A turf war may be brewing between the Federal Home Loan banks and William C. Apgar, the assistant secretary of the Department of Housing and Urban Development.

At issue is a recent effort to discourage the banks from buying FHA loans through the banks' nascent alternative secondary marketing program.

Under a proposal floated last week by the Federal Housing Finance Board, which regulates the home loan banks, new limits would be imposed on the banks' ability to purchase FHA loans.

In an interview last week, Mr. Apgar, who is one of the three voting members of the Federal Housing Finance Board, explained the reasoning behind the proposed rule. "The banks' capacity to grow the FHA portion of their program was moving faster than that of their conventional mortgage portion," he said. "We wanted to encourage them on the conventional end, because that is where the real growth potential for the program is."

But opponents of the proposal see something else: a thinly disguised move by Mr. Apgar to protect Ginnie Mae, a HUD-controlled agency that buys almost all FHA and VA loans. By cutting down on the home loan banks' ability to purchase FHA loans, the argument goes, Mr. Apgar preserves the near-monopoly Ginnie Mae enjoys as a buyer in the market.

Under last week's proposal, which would eliminate the $9 billion cap on loans the banks can buy under the Mortgage Partnership Finance program, the board also proposed essentially limiting FHA loans to one third of the mortgage loans each bank invests in. The banks could go past the cap, but not with bond debt.

But sources at the Home Loan banks said the proposal's design was fraught with contradictions, on the one hand encouraging the Mortgage Partnership Finance program to compete with Fannie Mae and Freddie Mac, which dominate the conventional market, but hindering their ability to compete with Ginnie.

"If they are trying to encourage competition in one market to reduce the price of homeownership, why should they restrict competition in another?" said John von Seggern, president of the Council of Home Loan Banks, which represents 10 of the 12 banks.

A source at one of the Home Loan banks, who spoke on condition of anonymity, said that low-income borrowers, who can get an FHA loan more easily than a conventional mortgage, are being deprived of the benefits of increased competition in the market.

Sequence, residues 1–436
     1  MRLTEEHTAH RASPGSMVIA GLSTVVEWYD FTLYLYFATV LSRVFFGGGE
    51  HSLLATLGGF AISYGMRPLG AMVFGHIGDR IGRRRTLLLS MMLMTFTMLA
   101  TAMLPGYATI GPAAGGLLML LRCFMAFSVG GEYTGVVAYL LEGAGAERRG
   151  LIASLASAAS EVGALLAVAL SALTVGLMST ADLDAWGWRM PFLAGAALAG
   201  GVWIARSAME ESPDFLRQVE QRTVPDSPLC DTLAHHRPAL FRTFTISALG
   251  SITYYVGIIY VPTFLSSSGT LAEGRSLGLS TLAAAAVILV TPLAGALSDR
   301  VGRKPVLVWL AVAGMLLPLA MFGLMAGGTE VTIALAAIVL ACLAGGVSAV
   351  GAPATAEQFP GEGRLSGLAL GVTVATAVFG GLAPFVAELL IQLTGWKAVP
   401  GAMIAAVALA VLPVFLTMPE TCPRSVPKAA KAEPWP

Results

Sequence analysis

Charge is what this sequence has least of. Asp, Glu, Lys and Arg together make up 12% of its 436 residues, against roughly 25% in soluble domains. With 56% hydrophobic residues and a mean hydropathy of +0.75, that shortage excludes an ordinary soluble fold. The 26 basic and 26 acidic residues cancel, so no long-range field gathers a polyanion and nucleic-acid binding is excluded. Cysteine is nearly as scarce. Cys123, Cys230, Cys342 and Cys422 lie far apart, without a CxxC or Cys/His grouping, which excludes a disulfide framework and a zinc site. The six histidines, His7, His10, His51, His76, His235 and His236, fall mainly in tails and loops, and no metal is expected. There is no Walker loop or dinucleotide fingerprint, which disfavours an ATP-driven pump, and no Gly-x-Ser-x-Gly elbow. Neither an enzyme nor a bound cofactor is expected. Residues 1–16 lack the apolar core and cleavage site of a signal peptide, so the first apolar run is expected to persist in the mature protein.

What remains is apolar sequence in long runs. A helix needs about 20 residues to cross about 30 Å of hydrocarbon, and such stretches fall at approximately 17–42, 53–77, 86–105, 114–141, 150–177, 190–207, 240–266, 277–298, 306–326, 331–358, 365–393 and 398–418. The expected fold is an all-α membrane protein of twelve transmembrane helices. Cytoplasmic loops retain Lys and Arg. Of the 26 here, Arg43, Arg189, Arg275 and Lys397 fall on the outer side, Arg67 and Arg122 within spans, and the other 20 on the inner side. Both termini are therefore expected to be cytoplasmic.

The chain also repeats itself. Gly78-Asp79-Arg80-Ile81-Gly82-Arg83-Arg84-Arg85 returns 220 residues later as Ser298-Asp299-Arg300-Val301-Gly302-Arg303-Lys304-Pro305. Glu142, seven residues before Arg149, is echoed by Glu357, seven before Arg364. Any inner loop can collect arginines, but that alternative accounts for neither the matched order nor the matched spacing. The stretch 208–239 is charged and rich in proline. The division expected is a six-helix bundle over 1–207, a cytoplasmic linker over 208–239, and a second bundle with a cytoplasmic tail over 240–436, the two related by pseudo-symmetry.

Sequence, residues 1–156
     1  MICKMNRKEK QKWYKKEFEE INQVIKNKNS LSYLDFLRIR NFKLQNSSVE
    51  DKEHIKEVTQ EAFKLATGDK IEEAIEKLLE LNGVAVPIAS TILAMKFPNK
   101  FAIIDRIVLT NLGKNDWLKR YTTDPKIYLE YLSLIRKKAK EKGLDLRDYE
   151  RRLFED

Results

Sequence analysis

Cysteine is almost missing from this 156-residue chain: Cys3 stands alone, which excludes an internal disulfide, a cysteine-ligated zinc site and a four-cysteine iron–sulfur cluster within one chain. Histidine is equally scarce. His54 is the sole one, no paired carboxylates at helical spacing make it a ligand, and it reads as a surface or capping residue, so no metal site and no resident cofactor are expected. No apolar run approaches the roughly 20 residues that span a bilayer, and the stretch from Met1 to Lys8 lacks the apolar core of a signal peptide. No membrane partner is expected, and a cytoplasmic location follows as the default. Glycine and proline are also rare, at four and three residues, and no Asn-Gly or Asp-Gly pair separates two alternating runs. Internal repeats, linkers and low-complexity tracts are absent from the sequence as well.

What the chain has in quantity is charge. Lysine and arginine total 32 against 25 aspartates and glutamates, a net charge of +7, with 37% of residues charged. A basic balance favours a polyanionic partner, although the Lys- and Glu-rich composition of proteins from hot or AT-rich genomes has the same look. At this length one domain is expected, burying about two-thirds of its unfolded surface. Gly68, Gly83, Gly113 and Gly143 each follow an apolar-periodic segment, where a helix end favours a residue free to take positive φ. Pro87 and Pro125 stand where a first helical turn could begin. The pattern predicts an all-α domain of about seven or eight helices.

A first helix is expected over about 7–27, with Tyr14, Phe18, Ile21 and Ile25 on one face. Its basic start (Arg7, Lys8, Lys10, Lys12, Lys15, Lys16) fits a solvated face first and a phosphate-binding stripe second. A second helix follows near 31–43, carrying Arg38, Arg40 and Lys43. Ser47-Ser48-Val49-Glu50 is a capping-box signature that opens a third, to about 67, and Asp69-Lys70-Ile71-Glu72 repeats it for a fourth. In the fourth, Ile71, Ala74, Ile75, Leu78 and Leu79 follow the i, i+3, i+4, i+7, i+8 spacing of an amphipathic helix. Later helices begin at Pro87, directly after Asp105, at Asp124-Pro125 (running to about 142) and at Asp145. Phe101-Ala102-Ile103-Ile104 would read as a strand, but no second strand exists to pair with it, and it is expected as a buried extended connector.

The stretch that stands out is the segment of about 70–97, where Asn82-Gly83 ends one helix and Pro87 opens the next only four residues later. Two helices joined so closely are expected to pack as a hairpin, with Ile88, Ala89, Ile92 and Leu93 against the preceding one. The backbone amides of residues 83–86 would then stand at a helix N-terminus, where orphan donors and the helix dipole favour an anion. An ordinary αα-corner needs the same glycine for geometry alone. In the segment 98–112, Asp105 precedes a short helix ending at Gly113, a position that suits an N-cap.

The number of FHA loans bought through the mortgage partnership finance program is not publicly available. However, Alex Pollock, the president and chief executive officer of the Home Loan Bank of Chicago, said FHA investments "were an important contributor" in the program's recent growth.

The Mortgage Partnership Finance program's outstanding loans grew 146% to $4.4 billion from yearend to March 31. Master commitments for additional loans grew 267%, to $24.2 billion.

Mr. Apgar says that FHA loans were not originally part of the Mortgage Partnership Finance program, and that the Home Loan banks "wandered into FHA's" recently.

But the Home Loan bank source said that when the banks asked the board for permission to buy FHA loans last fall, the board decided they were already authorized to do so.

The board said that the language of the initial authorization given to the Mortgage Partnership Finance program in 1997 was broad enough to cover FHA loan buying, the source said.

An aide to Mr. Apgar said that the proposed cap on FHA buying would give the banks a great deal of leeway, because at one-third it is much greater than the percentage of FHA loans in the secondary market, estimated by the Mortgage Bankers Association to be 14%.

He added that the Home Loan banks profit more from buying FHA loans because the banks need hold less capital against them than for conventional loans.

Not so, said the source at the Home Loan bank. The capital requirement is the same for all sorts of assets, he said: 4.76%. The Finance Board is only working on a risk-based capital rule that could change the requirement.

The Mortgage Partnership Finance program, which began in 1997, is designed to be a competitor to Fannie Mae and Freddie Mac. While Fannie and Freddie assume all of the risks of the loans they buy, the Home Loan banks' program splits risk between the Home Loan banks and their members. The Home Loan banks manage interest rate, funding, liquidity and prepayment risks, while the lenders hold on to the credit risk.

The sources who opposed the proposal argue that as the FHA commissioner, Mr. Apgar has to promote the FHA, but as assistant secretary of HUD he is out to protect Ginnie Mae, a conflict of interest in this case.

Other observers said that Ginnie Mae's profits are vulnerable because the competition from the Home Loan banks would drive up prices for the loans Ginnie buys and securitizes.

HUD has an incentive to protect Ginnie's profits, these observers said, because the department's budget is indirectly affected by how much Ginnie makes.

They said that in budget negotiations with Congress, HUD regularly tries to use the profits from programs like Ginnie Mae to justify spending on other programs. If Ginnie's profits were to sink, they said, HUD would have a harder time persuading Congress to let it spend more on those other programs.

When asked about this, Mr. Apgar said, 'We get nothing back from Ginnie's profits."

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